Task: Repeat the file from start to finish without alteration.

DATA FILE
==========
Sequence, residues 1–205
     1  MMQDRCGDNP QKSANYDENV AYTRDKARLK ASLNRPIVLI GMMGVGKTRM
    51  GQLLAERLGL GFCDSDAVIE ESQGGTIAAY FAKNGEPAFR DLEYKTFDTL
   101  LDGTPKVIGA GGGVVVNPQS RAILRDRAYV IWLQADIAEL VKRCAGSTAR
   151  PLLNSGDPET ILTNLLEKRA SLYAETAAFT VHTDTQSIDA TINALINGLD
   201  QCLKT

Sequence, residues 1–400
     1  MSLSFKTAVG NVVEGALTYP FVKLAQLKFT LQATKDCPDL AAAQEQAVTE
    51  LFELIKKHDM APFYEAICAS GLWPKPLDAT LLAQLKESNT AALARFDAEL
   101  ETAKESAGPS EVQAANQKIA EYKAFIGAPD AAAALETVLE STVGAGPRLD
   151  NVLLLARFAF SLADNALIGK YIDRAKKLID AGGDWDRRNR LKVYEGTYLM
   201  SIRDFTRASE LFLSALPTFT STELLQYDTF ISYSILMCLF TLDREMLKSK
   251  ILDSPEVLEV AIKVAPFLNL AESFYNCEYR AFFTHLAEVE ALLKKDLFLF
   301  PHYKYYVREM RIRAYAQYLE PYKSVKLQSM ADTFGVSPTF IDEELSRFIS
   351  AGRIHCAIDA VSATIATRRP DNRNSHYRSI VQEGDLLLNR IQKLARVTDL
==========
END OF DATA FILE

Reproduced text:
Sequence, residues 1–205
     1  MMQDRCGDNP QKSANYDENV AYTRDKARLK ASLNRPIVLI GMMGVGKTRM
    51  GQLLAERLGL GFCDSDAVIE ESQGGTIAAY FAKNGEPAFR DLEYKTFDTL
   101  LDGTPKVIGA GGGVVVNPQS RAILRDRAYV IWLQADIAEL VKRCAGSTAR
   151  PLLNSGDPET ILTNLLEKRA SLYAETAAFT VHTDTQSIDA TINALINGLD
   201  QCLKT

Sequence, residues 1–400
     1  MSLSFKTAVG NVVEGALTYP FVKLAQLKFT LQATKDCPDL AAAQEQAVTE
    51  LFELIKKHDM APFYEAICAS GLWPKPLDAT LLAQLKESNT AALARFDAEL
   101  ETAKESAGPS EVQAANQKIA EYKAFIGAPD AAAALETVLE STVGAGPRLD
   151  NVLLLARFAF SLADNALIGK YIDRAKKLID AGGDWDRRNR LKVYEGTYLM
   201  SIRDFTRASE LFLSALPTFT STELLQYDTF ISYSILMCLF TLDREMLKSK
   251  ILDSPEVLEV AIKVAPFLNL AESFYNCEYR AFFTHLAEVE ALLKKDLFLF
   301  PHYKYYVREM RIRAYAQYLE PYKSVKLQSM ADTFGVSPTF IDEELSRFIS
   351  AGRIHCAIDA VSATIATRRP DNRNSHYRSI VQEGDLLLNR IQKLARVTDL